I recently attended a Safe Zone training program at my university. It is designed to help faculty and staff be more aware of LGBT issues and thus create a more welcoming atmosphere. After completing it, one gets a Safe Zone badge that one can stick on one’s door so that anyone who comes there knows that you are accepting of them.
One of the exercises we did at the beginning was the familiar ice-breaker where one pairs up with one’s neighbor and quickly learns enough about them to be able to introduce them to the whole group. But just after we completed the sharing and before we introduced each other to the whole group, the facilitators threw us a curveball and told us to do the introductions without using the pronouns he/she or her/him. It was not easy and there were many stumbles.
In a time when we are moving away from an understanding of gender as a binary concept to that of a continuum, the issue of gender pronouns becomes significant since some people may not feel comfortable with using the standard male and female choices. Some new neutral ones like ze and zir have been suggested and there are others. It is also becoming increasingly common to use ‘they’ and ‘them’ for third party pronouns even when talking about a single person.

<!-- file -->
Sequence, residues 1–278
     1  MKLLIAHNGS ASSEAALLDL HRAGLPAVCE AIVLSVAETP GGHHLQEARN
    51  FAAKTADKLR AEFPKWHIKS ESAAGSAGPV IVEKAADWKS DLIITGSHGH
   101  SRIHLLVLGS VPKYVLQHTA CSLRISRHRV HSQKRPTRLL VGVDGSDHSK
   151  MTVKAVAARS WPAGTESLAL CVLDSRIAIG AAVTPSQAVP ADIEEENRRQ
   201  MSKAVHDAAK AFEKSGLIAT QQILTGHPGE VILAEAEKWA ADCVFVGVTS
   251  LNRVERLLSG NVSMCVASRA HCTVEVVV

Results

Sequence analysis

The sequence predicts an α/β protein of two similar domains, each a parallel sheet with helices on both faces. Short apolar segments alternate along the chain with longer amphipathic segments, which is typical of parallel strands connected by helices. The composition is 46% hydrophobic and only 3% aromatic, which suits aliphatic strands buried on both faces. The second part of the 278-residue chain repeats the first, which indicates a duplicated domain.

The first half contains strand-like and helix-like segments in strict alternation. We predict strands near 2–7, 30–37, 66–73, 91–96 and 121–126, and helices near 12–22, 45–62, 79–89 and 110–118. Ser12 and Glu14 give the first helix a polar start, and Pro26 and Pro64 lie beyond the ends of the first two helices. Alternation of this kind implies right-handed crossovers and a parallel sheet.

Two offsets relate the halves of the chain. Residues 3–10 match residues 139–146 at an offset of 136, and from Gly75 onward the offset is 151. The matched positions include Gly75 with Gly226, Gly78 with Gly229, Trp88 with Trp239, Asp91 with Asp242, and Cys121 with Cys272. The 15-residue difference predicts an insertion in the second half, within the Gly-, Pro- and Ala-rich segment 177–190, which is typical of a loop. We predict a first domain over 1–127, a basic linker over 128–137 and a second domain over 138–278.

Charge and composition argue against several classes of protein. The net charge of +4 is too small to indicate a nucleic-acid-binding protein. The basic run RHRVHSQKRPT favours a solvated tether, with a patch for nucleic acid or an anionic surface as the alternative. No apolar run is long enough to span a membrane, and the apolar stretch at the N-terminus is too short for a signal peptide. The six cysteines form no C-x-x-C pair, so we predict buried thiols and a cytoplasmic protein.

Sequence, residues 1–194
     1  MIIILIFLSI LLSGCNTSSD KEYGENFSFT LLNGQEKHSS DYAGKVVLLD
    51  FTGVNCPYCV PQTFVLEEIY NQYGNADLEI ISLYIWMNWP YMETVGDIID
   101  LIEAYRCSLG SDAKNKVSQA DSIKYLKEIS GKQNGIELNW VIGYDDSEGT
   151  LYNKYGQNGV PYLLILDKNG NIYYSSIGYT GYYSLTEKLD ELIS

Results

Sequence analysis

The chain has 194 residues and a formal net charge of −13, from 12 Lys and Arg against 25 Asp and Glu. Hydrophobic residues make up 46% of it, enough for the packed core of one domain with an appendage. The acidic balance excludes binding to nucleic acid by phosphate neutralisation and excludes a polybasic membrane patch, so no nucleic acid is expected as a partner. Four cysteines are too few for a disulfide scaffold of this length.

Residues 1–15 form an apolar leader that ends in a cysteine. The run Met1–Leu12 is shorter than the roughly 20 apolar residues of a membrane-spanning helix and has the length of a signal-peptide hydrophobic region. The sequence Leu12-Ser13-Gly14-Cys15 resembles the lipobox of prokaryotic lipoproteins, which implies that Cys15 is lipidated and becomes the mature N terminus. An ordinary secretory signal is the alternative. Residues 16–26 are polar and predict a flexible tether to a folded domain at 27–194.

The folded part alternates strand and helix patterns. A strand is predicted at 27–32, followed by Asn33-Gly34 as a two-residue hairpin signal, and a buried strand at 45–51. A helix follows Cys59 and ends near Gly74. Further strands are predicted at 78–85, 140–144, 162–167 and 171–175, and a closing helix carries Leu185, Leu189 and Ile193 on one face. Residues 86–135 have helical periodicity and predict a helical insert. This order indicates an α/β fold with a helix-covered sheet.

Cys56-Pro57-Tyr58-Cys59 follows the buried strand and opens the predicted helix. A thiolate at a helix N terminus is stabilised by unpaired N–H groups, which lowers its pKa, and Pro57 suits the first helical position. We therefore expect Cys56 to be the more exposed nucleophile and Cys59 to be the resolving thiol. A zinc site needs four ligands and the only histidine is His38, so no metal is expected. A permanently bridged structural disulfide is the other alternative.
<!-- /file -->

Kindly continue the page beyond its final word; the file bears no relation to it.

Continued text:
Writing in The American Conservative, Rod Dreher sees the gender nuances in language that are emerging as a ridiculous indulgence. But as Sean Carroll says, “Language matters, and matching how we speak about people to how they think about themselves is an important part of human dignity. I don’t know what the best linguistic solution is for the knotty realities of human gender and sexuality, but I welcome the attempts to do better. Perfect equality has not yet been achieved, but I like to think we’re moving in a good direction.”
It is going to take a while for the dust to settle and a new consensus to emerge as to what becomes the standard among the various experimental forms being used currently. The beauty of language is that it does evolve in response to changing situations.